granted them a block of land in Narahenpita, Colombo 5, there has
been no encouraging response from any quarter to their quest to
raise enough funds to make the school a reality.
This year though,
as Chitrasena's 82nd birthday on January 26 drew near, the family
decided to go ahead. The foundation stone has been laid, even as
an exhibition celebrating the work of the country's most famous
dancer opens to the public.
the exhibition seeing the monumental scale of their international
success will no doubt, marvel and perhaps conclude that if ever
anyone was worthy of support, they are, for their remarkable contribution
to Sri Lankan dance. But will the dance school be a reality in Chitrasena's
lifetime? He certainly would like it so. For though the years have
slowed his steps and his once vigorous frame is somewhat stooped,
his mind is still alert. "It isn't too late, " he says.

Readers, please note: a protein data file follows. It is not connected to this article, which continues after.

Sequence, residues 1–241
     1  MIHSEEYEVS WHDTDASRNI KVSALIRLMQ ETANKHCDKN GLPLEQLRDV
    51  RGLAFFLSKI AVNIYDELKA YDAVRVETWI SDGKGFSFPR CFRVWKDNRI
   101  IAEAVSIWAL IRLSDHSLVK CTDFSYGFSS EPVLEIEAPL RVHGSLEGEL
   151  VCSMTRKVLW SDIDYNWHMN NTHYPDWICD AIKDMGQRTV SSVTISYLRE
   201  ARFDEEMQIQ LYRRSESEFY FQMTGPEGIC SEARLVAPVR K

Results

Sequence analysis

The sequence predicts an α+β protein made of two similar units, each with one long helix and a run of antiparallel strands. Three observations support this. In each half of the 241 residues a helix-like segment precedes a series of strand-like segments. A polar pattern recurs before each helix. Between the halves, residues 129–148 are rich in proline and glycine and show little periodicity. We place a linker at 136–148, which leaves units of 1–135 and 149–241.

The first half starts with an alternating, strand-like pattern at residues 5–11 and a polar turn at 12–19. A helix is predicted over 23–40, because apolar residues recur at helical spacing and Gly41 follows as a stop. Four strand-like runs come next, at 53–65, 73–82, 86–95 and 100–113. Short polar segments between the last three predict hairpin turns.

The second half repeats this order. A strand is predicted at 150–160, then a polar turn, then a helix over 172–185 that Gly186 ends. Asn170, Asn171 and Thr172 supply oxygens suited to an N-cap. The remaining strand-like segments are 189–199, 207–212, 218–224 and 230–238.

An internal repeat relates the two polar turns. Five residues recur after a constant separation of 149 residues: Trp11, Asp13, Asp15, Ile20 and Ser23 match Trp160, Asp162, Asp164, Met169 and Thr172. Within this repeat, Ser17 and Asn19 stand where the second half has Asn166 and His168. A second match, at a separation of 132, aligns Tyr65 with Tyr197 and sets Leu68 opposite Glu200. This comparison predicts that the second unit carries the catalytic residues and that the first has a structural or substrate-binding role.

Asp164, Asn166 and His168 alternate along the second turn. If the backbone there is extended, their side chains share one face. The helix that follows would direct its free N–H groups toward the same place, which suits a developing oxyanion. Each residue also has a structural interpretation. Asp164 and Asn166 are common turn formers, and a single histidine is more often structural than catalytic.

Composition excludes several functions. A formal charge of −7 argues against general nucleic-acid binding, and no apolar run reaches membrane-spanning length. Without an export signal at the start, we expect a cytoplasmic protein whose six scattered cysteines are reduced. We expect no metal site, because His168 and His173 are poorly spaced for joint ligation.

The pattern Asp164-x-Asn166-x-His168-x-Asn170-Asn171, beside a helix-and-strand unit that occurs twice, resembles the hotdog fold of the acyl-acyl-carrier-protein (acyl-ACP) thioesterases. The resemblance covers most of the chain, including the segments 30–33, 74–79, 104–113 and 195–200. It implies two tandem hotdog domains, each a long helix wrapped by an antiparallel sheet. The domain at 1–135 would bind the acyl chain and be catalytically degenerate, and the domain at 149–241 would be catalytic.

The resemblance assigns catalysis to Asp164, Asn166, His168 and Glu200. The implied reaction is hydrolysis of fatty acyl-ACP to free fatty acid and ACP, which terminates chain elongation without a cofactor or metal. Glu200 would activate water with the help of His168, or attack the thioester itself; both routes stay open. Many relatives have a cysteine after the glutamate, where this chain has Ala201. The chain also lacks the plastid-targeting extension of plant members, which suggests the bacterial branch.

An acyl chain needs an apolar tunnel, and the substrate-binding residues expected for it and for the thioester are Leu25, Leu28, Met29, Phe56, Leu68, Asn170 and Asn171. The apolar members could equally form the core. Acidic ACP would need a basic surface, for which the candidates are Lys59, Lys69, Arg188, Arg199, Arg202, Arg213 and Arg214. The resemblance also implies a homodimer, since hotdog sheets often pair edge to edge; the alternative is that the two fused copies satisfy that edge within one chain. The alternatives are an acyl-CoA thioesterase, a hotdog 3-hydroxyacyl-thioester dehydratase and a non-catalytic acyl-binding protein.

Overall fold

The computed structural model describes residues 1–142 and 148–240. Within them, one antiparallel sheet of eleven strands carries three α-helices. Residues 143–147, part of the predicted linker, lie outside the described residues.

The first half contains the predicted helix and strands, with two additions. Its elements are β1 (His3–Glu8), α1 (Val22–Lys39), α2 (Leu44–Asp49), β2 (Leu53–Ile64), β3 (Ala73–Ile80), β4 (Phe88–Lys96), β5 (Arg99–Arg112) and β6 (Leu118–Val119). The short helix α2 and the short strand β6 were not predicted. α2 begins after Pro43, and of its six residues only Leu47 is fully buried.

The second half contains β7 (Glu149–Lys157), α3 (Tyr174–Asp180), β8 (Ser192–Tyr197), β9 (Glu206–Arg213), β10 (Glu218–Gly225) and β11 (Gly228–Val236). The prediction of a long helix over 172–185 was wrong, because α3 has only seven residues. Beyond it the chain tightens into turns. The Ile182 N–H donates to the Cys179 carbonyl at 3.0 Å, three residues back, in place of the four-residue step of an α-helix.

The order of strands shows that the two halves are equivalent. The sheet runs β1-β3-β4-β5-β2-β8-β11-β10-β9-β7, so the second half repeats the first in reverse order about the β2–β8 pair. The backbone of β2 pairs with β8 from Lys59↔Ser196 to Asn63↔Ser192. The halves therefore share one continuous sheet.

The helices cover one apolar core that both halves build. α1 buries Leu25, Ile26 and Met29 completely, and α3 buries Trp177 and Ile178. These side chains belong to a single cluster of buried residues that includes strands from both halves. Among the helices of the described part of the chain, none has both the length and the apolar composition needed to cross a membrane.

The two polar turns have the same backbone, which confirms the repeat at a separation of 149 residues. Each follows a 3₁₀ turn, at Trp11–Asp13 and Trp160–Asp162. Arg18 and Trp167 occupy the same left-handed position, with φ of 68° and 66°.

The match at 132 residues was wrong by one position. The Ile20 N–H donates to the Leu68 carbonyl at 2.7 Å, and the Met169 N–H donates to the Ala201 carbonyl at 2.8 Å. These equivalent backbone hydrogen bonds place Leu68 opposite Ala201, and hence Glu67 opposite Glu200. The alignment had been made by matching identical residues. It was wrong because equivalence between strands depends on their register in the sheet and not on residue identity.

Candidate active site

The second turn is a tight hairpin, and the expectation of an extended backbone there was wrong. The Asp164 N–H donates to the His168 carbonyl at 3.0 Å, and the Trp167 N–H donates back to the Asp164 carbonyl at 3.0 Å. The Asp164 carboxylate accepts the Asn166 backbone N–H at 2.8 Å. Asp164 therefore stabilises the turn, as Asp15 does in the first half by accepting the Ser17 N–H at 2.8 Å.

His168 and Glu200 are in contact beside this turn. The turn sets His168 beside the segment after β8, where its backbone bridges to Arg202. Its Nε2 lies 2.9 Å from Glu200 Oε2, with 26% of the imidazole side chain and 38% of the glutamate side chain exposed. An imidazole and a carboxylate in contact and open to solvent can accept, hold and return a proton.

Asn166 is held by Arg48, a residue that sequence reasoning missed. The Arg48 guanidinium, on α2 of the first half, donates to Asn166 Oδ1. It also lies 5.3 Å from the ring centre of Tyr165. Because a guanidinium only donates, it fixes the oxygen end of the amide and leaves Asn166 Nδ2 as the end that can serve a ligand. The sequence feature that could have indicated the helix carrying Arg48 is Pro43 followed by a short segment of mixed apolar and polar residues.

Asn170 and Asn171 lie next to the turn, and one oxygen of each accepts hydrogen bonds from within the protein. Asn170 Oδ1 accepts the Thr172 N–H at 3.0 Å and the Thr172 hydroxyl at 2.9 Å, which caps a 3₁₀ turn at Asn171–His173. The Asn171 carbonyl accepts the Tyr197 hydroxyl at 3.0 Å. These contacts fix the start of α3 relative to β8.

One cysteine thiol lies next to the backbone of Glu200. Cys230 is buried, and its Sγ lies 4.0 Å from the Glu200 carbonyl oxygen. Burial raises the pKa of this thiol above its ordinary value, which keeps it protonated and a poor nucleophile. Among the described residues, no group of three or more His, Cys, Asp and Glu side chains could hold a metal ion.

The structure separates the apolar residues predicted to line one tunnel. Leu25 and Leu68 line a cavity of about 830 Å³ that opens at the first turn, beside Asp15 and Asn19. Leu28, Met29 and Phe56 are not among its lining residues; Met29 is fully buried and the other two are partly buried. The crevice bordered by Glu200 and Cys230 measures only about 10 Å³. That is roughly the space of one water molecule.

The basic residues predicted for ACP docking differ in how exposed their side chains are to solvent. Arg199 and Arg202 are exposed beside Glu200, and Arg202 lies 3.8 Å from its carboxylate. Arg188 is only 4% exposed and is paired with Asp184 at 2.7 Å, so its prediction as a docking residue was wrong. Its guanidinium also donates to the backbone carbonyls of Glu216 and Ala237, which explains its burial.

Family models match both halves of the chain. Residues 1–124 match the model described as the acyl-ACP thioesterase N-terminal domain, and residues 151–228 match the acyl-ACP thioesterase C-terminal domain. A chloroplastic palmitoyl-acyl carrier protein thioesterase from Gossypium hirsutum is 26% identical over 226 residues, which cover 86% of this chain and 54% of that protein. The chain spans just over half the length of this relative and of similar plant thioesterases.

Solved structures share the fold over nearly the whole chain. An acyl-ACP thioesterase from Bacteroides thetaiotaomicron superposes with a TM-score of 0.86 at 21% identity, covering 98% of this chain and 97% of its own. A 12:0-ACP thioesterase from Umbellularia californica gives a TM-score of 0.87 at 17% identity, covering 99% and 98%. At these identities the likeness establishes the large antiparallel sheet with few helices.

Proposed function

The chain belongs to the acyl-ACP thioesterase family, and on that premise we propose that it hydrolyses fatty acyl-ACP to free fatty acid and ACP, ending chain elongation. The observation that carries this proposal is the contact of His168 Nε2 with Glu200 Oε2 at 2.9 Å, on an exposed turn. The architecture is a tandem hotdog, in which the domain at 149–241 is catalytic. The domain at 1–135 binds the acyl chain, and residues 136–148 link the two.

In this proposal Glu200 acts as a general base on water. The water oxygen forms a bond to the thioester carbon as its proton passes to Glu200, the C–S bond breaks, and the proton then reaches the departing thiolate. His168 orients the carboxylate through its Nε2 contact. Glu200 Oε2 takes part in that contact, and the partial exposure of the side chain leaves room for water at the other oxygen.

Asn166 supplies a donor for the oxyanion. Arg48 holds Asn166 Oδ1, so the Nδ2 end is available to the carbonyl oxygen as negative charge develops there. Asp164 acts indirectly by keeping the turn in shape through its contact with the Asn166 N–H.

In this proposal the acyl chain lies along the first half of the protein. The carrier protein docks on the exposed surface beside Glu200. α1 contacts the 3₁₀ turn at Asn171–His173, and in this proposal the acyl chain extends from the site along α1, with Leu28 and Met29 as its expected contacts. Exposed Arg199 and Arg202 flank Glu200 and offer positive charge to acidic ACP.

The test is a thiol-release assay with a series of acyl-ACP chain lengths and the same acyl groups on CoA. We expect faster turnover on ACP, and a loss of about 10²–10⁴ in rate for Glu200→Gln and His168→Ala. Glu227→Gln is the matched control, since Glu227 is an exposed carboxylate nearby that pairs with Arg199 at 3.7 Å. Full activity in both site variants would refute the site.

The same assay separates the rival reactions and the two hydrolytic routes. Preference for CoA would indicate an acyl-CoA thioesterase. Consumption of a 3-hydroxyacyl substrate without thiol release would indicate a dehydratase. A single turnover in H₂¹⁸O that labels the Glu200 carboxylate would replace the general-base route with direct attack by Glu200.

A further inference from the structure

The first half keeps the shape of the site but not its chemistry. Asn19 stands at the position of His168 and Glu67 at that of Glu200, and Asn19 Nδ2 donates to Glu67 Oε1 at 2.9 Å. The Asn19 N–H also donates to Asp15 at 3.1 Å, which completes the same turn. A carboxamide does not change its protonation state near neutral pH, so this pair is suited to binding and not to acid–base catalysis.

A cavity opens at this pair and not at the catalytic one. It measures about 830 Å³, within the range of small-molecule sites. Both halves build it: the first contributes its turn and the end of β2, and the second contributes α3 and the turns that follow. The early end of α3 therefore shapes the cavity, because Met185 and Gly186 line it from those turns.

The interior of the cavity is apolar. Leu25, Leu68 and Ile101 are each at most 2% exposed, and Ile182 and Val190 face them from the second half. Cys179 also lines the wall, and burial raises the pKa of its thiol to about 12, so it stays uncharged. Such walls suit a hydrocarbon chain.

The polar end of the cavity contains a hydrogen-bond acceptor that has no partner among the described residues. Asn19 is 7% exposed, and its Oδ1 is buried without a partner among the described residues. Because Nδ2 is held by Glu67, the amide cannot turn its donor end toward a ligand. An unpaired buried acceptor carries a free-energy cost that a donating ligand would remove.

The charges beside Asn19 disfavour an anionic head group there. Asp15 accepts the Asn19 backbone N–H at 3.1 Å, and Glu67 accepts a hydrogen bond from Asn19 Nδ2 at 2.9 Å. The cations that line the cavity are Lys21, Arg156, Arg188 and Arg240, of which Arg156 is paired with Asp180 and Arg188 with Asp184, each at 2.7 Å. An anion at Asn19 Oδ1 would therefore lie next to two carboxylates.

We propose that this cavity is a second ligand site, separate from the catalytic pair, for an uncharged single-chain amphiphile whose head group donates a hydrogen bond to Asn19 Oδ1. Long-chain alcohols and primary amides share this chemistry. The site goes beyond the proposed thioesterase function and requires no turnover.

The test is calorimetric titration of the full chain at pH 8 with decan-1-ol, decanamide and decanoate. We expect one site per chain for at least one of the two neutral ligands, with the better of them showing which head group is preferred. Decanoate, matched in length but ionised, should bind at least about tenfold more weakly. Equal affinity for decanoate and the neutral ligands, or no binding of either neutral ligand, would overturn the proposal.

Even now, he feels he can still contribute in passing on some of
the skills that made him a legend in the history of dance in this
he still makes the trip from his tranquil retreat at Mahara to the
GFS hall in Green Path where the Chitrasena Kalayathanaya hold their
weekly classes. "I am there from 8 a.m. to 12 noon," he
says, watching hawk-eyed as youngsters tread the boards before him.
is hard to break for the man who schooled many dancers, the peerless
Vajira, his wife and prima ballerina among them. As a young boy
he had insisted that he be allowed to dance despite opposition from
his family. His determination prevailed and he learned, for many
years, the sacred traditions of Kandyan dance from the great masters
such as Kiriganitha Gurunnanse, Muddanawe Appuwa and Lapaya Gurunnanse
had them all brought to our home," he recollects. He was indeed
fortunate, he says that his father Seebert Dias, a thespian of note,
well-known for his Shakespearean roles not only had him tutored
by the finest in the land but also exposed him to the elements of
stagecraft from an early age.
then Maurice Dias, a youngster of just 15 made his stage debut in
1936 in the dance drama Sri Sangabo directed by his father. "The
poster of that show will be on display at the exhibition,"
he says. This was the first time the story-telling technique was
used in dance. He went on to Shanthiniketan and so began his great
bond with India, which he still regards his second home. Those unforgettable